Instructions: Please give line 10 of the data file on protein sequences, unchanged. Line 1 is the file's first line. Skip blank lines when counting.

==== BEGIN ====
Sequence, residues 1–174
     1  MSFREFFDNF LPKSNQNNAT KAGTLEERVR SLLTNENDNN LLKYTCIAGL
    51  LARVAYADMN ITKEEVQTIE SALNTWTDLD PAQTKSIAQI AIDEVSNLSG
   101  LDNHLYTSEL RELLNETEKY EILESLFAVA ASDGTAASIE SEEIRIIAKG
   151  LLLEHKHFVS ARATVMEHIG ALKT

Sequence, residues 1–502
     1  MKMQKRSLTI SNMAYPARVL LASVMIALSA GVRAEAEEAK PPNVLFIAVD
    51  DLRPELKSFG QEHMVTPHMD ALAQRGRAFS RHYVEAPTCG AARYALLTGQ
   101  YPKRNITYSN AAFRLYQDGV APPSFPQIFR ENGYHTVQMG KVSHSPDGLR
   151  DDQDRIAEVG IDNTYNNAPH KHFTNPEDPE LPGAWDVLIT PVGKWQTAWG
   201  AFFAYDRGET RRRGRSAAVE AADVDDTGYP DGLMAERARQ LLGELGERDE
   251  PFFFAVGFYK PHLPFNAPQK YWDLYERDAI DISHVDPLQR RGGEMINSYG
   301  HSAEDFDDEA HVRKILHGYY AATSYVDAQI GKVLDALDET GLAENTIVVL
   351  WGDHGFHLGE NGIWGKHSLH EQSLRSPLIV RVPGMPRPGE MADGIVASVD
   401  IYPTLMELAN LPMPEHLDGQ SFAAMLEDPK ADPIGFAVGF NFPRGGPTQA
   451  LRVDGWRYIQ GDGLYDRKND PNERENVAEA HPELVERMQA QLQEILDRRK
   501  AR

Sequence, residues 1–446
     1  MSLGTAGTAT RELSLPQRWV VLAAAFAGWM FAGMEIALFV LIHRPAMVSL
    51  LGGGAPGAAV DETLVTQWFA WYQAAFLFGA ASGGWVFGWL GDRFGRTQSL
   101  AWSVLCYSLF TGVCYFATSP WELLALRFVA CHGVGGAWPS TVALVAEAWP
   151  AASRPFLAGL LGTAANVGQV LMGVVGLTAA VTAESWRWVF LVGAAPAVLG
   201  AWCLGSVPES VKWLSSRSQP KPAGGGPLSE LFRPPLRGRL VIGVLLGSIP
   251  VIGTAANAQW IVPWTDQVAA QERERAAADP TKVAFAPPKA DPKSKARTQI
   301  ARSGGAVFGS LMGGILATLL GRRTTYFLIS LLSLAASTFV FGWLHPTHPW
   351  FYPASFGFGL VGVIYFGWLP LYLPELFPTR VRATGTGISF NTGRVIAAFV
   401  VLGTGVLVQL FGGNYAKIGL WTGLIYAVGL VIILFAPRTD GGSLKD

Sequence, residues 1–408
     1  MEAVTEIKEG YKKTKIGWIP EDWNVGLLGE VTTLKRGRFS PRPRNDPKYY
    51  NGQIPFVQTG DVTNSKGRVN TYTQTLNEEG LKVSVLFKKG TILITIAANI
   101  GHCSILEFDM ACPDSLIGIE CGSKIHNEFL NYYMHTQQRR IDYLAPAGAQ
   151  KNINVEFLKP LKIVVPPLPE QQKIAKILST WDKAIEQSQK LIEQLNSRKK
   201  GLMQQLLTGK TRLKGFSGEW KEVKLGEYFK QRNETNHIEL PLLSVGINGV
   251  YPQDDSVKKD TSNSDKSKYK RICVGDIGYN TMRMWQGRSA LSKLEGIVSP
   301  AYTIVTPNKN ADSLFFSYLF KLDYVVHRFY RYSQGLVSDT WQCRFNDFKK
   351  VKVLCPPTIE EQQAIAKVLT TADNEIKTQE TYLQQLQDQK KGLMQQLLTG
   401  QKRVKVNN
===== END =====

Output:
   151  DDQDRIAEVG IDNTYNNAPH KHFTNPEDPE LPGAWDVLIT PVGKWQTAWG